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Bullish Patterns
Symmetrical Triangles
Ascending Triangles
Rectangles
Pennants
Flags
Wedges
Head & Shoulder Bottom
Cup & Handle
Trendlines

Neutral Patterns
Symmetrical Triangles
Rectangles

Bearish Patterns
Symmetrical Triangles
Descending Triangles
Rectangles
Pennants
Flags
Wedges
Head & Shoulder Top
Trendlines

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Pennants

Pennants are small continuation patterns that represent brief pauses within an already existing trend. They are characterized by converging trendlines and have a definite bullish or bearish bias depending on the overall trend.

Bearish pennants appear in the middle of large drops or immediately after a stock has broken down from a substantial rally.

Downside breaks do not have the same volume requirement as their bullish counterparts. Like other bearish breaks, there often is a delayed volume surge.

The price action prior to the pennant formation can be used as a guide in predicting the price movement when the stock breaks down. If the move into the pattern was quick and full of energy, one can expect that same trading activity when support is taken out. But if the stock slowly meanders its way into the pattern, do not expect big fireworks on a breakdown.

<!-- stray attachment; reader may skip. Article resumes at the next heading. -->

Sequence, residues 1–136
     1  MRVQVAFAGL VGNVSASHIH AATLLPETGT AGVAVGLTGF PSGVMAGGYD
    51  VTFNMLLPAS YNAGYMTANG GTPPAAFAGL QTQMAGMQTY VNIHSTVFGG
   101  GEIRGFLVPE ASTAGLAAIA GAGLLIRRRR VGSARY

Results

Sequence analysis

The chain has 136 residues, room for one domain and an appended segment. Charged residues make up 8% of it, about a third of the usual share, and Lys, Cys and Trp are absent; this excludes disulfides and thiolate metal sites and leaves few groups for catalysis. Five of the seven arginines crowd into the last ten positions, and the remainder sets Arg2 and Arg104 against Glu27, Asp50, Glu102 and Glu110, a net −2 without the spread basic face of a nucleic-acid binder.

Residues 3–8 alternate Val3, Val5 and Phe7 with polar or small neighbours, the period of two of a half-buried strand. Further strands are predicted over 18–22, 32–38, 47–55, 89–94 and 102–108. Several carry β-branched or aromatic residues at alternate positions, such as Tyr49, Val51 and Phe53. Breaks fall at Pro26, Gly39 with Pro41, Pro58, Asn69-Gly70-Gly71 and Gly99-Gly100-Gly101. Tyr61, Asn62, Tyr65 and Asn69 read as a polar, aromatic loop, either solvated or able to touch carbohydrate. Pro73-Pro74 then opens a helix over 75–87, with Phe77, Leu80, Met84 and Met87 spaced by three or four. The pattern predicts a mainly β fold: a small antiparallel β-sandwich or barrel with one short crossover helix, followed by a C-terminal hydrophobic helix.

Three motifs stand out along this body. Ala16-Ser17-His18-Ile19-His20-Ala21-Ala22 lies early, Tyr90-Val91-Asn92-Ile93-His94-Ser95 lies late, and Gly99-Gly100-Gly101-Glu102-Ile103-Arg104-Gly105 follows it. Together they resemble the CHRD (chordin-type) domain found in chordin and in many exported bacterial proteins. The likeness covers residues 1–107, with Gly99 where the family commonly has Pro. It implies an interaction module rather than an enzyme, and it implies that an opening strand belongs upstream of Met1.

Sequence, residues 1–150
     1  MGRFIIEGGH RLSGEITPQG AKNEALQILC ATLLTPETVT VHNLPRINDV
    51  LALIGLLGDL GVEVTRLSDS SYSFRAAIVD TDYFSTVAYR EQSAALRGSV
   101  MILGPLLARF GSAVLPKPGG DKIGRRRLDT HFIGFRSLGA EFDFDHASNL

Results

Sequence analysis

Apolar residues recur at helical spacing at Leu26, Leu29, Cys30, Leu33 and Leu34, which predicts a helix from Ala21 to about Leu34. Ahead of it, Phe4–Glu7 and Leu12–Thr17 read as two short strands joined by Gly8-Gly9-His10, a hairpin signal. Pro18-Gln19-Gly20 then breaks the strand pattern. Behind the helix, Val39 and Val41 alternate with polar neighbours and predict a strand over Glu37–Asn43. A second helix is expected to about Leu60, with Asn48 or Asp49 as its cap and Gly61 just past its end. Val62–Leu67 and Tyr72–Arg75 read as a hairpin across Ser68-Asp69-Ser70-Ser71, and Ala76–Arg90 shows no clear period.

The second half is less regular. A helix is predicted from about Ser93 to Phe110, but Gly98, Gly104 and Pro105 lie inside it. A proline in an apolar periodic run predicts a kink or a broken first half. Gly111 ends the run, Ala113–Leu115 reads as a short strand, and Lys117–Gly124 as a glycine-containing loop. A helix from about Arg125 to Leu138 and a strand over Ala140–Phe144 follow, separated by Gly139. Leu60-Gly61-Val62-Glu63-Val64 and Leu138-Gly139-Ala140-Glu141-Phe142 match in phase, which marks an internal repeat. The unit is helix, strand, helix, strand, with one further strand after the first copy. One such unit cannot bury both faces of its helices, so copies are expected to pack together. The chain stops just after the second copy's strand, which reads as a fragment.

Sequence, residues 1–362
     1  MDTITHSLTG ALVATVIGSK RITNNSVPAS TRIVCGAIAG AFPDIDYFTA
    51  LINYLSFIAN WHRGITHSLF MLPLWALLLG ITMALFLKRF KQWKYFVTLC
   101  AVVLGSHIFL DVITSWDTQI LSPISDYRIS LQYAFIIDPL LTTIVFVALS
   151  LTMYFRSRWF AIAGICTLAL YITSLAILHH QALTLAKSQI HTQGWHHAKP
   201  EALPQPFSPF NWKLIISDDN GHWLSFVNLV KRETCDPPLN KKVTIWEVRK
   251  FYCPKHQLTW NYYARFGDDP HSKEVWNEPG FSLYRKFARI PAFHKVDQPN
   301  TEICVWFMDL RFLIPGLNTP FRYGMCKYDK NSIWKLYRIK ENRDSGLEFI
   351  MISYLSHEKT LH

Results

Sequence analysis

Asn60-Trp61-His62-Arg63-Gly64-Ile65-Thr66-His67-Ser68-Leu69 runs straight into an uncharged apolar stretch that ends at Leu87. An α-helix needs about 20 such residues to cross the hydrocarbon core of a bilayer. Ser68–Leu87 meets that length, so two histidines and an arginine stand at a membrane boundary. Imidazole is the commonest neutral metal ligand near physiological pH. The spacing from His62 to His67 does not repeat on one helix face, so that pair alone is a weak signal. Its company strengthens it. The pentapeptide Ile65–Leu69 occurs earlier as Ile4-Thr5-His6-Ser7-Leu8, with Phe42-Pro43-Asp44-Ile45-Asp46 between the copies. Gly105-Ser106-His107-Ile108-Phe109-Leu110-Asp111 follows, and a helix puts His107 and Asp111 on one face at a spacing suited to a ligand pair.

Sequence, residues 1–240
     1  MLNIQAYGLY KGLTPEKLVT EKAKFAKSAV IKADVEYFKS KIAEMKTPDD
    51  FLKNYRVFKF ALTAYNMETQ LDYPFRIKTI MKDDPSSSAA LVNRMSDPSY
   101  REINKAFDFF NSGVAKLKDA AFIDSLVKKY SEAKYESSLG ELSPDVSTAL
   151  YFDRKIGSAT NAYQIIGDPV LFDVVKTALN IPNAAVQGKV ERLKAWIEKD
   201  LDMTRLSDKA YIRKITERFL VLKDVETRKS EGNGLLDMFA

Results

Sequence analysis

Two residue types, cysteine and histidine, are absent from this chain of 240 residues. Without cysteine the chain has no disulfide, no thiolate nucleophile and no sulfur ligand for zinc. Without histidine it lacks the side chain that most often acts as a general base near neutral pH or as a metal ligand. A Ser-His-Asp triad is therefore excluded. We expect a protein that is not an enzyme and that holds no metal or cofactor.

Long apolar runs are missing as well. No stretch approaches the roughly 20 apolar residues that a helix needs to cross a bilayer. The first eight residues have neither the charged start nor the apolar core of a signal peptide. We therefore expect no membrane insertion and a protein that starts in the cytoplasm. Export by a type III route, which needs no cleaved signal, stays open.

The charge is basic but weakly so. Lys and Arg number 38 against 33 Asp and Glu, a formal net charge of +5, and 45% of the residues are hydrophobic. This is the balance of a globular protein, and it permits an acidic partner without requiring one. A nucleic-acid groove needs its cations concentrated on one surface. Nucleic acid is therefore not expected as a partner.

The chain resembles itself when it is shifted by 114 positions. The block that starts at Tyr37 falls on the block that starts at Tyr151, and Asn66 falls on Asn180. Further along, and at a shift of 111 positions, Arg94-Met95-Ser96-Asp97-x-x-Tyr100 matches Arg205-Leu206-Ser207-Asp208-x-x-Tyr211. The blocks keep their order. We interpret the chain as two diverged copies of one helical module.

The expected price movement is approximately equal to the distance of the move into the pattern.




Here's an example of a stock forming a bearish pennant immediately after breaking a longer term support trendline. This happen often as the stock is still generally in an uptrend when the first break occurs and some amateur traders recognize what they think is a buying opportunity. But the pros are unloading and when buying from the public dries up, the bottom falls out.



Here's is another example of a stock trading into a bearish pennant soon after a longer term uptrend was broken. Notice volume on the initial break was simply average, but the next day was a blood bath. This happens often…a delayed volume surge.



MCD traded into a bearish pennant while in a downtrend. The trendlines are easy to draw which is a bonus. Notice how volume ramped up after the break and stockholders didn't throw in the towel until well after the stock broke support.



PXLW is another example of how volume typically ramps up after a stock breaks down.


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